That’s when I learned that things are not always as they seem to be, and that it is important to look at them from different perspectives.


After 10 years of fighting for a transplant, I went back to my work as an electronics engineer. It was a challenge, but I soon felt that this work is my ‘oxygen’, and that kidney disease is not a barrier for following my profession.
That’s how I learned to recharge my batteries with activities that I enjoy.


I used the money that I had saved for the transplantation to build a garage so I could work on electronics. This garage gave me a reason to live and it makes me feel useful.
That’s how I learned that it’s important to spend my time doing what I really enjoy, no matter how many obstacles there may be.


My fistula is 21 years old. I try to protect it as much as possible and I take care of it as much as I can.
That’s how I learned that if I take care of things, they will stay with me much longer.


I really appreciate that the nurses take care of my fistula and puncture it in different places, they help me a lot.
That’s how I learned that there can be love even at the top of my fistula needle.


25 years ago, dialysis was not as simple as it is today. At that time the number of patients who needed dialysis was bigger than the dialysis places offered by the hospitals. So many people died because of that. I can say that I was lucky to get dialysis when I needed it, even if the dialysis machines were not performing as well as they do today.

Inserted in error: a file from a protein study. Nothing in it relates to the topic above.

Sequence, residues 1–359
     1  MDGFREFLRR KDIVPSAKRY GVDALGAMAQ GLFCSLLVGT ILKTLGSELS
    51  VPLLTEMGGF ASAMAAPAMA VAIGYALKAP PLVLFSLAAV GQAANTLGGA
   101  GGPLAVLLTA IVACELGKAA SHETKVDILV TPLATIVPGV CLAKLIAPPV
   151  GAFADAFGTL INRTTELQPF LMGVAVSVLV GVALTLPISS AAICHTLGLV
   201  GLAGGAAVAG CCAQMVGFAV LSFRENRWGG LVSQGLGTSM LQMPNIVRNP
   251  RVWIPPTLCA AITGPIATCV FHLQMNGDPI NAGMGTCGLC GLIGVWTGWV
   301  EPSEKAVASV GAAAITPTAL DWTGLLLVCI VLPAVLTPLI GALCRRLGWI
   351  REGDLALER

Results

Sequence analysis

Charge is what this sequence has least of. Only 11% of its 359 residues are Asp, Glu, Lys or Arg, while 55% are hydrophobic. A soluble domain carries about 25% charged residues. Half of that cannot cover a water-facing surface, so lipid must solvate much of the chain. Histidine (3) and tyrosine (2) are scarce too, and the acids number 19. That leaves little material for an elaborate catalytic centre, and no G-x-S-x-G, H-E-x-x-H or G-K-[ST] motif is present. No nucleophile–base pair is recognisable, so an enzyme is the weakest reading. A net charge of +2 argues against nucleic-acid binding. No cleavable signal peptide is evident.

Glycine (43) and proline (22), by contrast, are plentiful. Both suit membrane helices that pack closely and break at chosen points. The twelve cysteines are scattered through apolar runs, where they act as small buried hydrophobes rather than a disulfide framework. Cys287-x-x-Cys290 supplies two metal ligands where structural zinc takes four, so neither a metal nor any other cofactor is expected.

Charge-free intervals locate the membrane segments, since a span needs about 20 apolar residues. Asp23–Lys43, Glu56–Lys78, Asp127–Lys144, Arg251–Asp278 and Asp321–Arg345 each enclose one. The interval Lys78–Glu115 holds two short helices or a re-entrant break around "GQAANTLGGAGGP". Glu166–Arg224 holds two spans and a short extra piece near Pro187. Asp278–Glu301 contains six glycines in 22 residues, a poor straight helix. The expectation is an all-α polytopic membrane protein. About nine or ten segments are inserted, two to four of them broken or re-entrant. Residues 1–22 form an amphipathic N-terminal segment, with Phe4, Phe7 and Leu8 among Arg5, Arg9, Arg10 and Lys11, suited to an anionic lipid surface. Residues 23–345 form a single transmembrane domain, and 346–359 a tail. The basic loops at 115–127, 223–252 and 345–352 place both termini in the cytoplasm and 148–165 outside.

That’s how I learned that a minute of dialysis is an extra minute of life.


The biggest improvement I felt was when I received my first dialysis treatment in the new clinic.
That’s when I learned that it is important to keep up my hope, no matter how hard it may seem.


During 25 years of dialysis treatment, I have received dialysis in three different cities, some of them far away of my home. Bucharest was 350 km away, Iasi still 67 km, and to Barlad I had to drive 55 km. When I finally had the opportunity to receive dialysis treatment in my home town Vaslui, I was the happiest man in the world. It gave me a new sense of life.
That’s when I learned that things that seem like an ending sometimes actually are a new beginning.


Over time, I noticed that when I go through a difficult time, it helps me a lot to talk about it with other people, to tell others how I feel. It is a good way to improve my psychological status.
That’s how I learned to let others look inside me.